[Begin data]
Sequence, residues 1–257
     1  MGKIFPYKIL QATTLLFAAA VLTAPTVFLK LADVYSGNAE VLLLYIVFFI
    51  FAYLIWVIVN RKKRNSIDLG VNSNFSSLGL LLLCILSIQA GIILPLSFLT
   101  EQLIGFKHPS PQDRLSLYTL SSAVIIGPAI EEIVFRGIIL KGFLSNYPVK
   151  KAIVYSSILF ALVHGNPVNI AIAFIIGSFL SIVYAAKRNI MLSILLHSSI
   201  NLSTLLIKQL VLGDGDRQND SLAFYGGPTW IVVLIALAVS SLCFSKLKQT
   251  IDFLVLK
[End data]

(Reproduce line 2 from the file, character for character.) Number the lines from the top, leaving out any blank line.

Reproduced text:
     1  MGKIFPYKIL QATTLLFAAA VLTAPTVFLK LADVYSGNAE VLLLYIVFFI